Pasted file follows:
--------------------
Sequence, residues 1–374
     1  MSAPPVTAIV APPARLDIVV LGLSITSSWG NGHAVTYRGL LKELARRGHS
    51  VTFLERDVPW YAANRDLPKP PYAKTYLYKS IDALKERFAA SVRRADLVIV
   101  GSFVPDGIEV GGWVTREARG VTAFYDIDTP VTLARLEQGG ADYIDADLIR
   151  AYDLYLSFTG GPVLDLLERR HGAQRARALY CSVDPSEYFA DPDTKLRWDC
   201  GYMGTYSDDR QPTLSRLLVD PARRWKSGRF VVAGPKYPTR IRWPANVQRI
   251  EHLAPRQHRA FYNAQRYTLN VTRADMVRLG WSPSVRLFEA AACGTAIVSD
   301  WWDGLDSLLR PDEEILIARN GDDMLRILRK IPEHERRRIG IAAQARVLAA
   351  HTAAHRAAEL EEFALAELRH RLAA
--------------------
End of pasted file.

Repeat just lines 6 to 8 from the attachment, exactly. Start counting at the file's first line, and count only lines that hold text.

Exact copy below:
   201  GYMGTYSDDR QPTLSRLLVD PARRWKSGRF VVAGPKYPTR IRWPANVQRI
   251  EHLAPRQHRA FYNAQRYTLN VTRADMVRLG WSPSVRLFEA AACGTAIVSD
   301  WWDGLDSLLR PDEEILIARN GDDMLRILRK IPEHERRRIG IAAQARVLAA